The NY Public Library is one of the city’s greatest resources. During the pandemic, it has provided online events, author talks, book recommendations, and free downloadable books- saving me hundreds of dollars on kindle downloads each month.
This February, in its celebration of Black History Month, the NYPL has assembled a list of books about modern and past historical figures and events that figure prominently in Black history. The following are just a small sample of their recommendations. Make sure to register for a NYPL library card, so you can borrow (download for free) or reserve books on the NYPL’s SimplyE app.
Memoirs and Biographies
The Dead are Arising: The Life of Malcolm X by Les Payne and Tamara Payne. This new biography won the 2020 National Book Award for non-fiction. Drawing on new sources, the book presents a fuller profile of Malcolm X.
The Autobiography of Martin Luther King Jr. by Martin Luther King Jr. and Clayborne Carson, editor. While not a typical autobiography, Carson assembles Dr. King’s previously unpublished writings to provide a new, first-person narrative of the life of the great civil rights leader.
Ida: A Sword Among Lions: Ida B. Wells and the Campaign against Lynching by Paula Giddings. Ida B. Wells was an investigative journalist, teacher, and a leader of the early civil rights movement. She was an activist who led an anti-lynching crusade in the U.S. in the 1890s.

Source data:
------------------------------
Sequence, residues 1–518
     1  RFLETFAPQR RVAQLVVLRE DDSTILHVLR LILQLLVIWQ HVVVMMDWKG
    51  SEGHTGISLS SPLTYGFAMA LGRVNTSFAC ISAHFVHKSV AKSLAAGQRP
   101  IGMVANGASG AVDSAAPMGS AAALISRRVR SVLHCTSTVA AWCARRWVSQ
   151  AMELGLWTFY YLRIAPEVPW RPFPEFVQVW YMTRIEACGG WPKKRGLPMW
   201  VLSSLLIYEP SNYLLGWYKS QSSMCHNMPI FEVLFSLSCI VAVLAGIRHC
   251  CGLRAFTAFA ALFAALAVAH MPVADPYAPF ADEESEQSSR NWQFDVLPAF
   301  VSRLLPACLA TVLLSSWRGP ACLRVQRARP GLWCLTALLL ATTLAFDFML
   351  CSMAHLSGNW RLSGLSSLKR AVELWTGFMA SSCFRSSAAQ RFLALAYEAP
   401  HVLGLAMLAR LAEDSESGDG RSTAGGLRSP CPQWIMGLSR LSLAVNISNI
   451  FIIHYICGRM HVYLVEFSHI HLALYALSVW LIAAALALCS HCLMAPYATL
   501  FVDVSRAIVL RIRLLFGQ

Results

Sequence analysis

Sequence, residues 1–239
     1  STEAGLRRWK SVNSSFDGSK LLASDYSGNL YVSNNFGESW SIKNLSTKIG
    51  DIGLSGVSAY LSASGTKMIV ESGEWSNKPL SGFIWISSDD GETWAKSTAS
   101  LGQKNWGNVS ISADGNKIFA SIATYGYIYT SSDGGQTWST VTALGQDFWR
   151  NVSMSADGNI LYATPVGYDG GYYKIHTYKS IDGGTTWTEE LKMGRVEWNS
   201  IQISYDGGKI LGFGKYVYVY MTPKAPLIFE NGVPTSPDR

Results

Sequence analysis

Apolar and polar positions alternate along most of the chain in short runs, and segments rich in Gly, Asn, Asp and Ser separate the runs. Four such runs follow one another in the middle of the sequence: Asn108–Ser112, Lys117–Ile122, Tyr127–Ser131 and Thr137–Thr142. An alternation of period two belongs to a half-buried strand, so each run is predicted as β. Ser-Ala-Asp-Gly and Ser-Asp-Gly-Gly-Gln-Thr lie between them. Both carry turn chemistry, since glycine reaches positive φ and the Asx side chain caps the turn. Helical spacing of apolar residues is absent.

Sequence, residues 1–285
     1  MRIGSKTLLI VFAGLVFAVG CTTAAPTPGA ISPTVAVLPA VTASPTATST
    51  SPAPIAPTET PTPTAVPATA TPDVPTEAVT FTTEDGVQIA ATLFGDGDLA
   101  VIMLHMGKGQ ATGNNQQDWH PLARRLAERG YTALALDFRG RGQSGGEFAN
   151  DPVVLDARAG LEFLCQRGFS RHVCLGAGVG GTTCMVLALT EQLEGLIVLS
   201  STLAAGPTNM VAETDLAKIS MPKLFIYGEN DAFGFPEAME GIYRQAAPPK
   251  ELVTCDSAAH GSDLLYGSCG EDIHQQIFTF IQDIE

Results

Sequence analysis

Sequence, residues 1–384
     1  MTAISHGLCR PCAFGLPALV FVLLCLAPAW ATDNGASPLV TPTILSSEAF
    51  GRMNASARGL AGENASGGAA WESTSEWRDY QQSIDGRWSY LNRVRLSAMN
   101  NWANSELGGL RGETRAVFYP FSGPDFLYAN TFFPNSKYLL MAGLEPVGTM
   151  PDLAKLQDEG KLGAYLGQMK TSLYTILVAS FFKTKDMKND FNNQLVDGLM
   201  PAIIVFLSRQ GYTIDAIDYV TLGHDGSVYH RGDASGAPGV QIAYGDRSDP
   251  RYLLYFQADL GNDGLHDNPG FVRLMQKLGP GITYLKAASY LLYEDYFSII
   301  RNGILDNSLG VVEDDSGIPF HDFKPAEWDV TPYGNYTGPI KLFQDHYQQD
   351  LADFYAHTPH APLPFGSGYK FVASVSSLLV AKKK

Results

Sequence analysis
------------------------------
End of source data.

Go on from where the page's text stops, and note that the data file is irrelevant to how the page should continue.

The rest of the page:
Devil in the Grove: Thurgood Marshall, the Groveland Boys, and the Dawn of a New America by Gilbert King. Before he became Supreme Court Justice, Thurgood Marshall was a civil rights lawyer. This book details Marshalls’ efforts to save a citrus worker from the electric chair after he was accused of raping a white woman.
Never Caught: The Washingtons’ Relentless Pursuit of Their Runaway Slave, Ona Judge by Erica Armstrong Dunbar. George Washington was a Revolutionary War hero, the first President of the U.S., and a slave owner. This book tells the story of an escaped slave and his relentless search to capture her.
A Life of Gwendolyn Brooks by George E. Kent. As we recently witnessed with the performance of her poem “The Hill We Climb,” Amanda Gorman is just the most-recent entrant among the cadre of outstanding Black women poets. Gwendolyn Brooks, a poet of more than 20 books of poetry, is the first African American recipient of a Pulitzer Prize for her volume of poems entitled “Annie Allen” about and ordinary black girl growing up in a neighborhood on Chicago’s south side. Kent analyzes Brooks’ poems and discusses their influences.
Make sure to check the NYPL website for live-streamed events with historians like Ibram X. Kendi and topics such as Exploring the Black Alternative Press.